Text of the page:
This can be a sensible approach as otherwise owners could be discouraged from switching to raised insurance deals.

Nevertheless, at all times look out for pitfalls when moving pet insurer, especially if a furry friend has pre-existing health conditions. Give policy terms and conditions an intensive sniff.

Beware policy exclusions and canopy limits 

Even then, limits on cover, and treatment exclusions in certain policies, can come as an expensive shock.

Reader S.A., from the West Midlands, remains to be reeling from the news that the family’s pet Kangal puppy, Reign, which joined the family in September 2022, developed a limp just before Christmas and now requires potentially £12,000 of medical procedures to interchange two hips after being diagnosed with hip dysplasia, a condition where the joints don’t develop properly.

Her owner was devastated to read in her policy from PDSA, that prosthetics (artificial joints) are usually not covered. Even in the event that they were, the utmost cover on her lifetime policy is just £3,500.

Greater than £500 has already been used up on X-rays and diagnosis bills. She told me the family cannot afford to satisfy these costs and are devastated that euthanasia is perhaps the unthinkable option. 

cost of living

As a substitute, they try to lift funds, with the kids organising sponsored events and a GoFundMe page. To this point this has raised £500, together with £500 from other sources.

Feeling her desperation, I contacted PDSA Pet Insurance on her behalf, asking if it could help discover a lower-cost arrangement.

The insurer re-examined her case and, a couple of days later, got here back with some barely higher news. It was sorry that the terms and conditions weren’t clearer but said it might pay for Reign’s treatment, including a contribution towards her latest hips.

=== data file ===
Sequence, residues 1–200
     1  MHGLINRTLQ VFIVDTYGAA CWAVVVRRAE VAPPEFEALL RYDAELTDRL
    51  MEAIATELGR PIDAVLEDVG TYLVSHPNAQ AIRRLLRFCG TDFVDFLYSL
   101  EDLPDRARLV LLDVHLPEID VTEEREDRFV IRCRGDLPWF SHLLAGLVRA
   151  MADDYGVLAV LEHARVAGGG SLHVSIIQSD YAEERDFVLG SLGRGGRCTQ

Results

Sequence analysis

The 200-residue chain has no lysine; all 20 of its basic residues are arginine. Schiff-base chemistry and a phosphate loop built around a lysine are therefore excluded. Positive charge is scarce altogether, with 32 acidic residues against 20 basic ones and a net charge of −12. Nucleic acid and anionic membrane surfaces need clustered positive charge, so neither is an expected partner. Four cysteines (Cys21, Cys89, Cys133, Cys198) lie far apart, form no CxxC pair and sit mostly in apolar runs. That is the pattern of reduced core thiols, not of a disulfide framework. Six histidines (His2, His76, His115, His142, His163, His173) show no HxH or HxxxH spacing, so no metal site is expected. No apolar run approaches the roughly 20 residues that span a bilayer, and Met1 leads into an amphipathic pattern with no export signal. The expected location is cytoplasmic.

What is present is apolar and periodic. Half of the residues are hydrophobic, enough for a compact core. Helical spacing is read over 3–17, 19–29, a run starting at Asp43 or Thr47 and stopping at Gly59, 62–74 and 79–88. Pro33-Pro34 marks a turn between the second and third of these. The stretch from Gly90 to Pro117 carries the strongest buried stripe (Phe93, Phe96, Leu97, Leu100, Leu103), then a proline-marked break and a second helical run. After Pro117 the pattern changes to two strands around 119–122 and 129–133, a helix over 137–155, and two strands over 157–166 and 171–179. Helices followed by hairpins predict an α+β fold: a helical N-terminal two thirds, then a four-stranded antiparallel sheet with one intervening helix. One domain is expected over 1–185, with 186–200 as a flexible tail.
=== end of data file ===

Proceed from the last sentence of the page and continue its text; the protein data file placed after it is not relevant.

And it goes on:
But this shall be limited to the remaining cover on the policy of about £2,500, which still leaves a big shortfall.

A PDSA Pet Insurance spokesman says: ‘We’re very sorry to listen to about Reign’s hip condition.

‘We know the way worrying it will probably be for owners when their pet becomes unwell or requires veterinary treatment. Hip replacements are covered by our policies, subject to straightforward terms and conditions and individual policy cover limits.’

A proportion of premiums the insurer receives goes to the PDSA charity, which helps owners on low incomes who struggle with veterinary costs.

But to qualify without spending a dime treatments and medications (for one pet only), owners must live within the postcode catchment area of considered one of its pet hospitals and be on means-tested housing profit, council tax support or universal credit with housing element.

Lower-cost vet fees are offered to those on other advantages. Discover more at pdsa.org.uk. Charity Blue Cross offers the same service at bluecross.org.uk. Many vets also offer payment plans to assist spread bills.

Reign’s owner is now shopping around to see if she will be able to discover a lower fee for the procedure but desires to wait until May, when Reign turns one, before proceeding. This provides time for Reign to develop, plus gives her owner a probability to lift more funds and save her life. She shall be given pain relief within the meantime.

Death profit went unpaid 

The lack of a pet is felt keenly by all owners and though money doesn’t remove the pain, a death profit is something many insurers offer, covering either the entire price paid for the animal, or in some cases a percentage.

An age limit might apply, of say, eight years for a dog. Nevertheless, one reader wrote to me of his grievance when his insurer Animal Friends paid only £500 for his £1,800 Chihuahua puppy Alfie, who tragically died after he was attacked by two Huskies last 12 months.

He calculated he must have been paid £1,350 because his policy stated a death good thing about 75 pc of the value paid if the pet dies before the age of three. He complained to the insurer but heard nothing.

I contacted Animal Friends on his behalf, and it quickly agreed to pay the additional £850 owed.

A spokesman says: ‘We pride ourselves on our customer support and we’re sorry that we missed the unique email from the shopper querying the settlement paid.’ 

Owners should keep any receipts for the acquisition of a pet, even when it was a donation made to a rescue charity.

  • Write to Sally Hamilton at Sally Sorts It, Money Mail, Northcliffe House, 2 Derry Street, London W8 5TT or email sally@dailymail.co.uk — include phone number, address and a note addressed to the offending organisation giving them permission to check with Sally Hamilton. Please don’t send original documents as we cannot take responsibility for them. No obligation will be accepted by the Day by day Mail for answers given.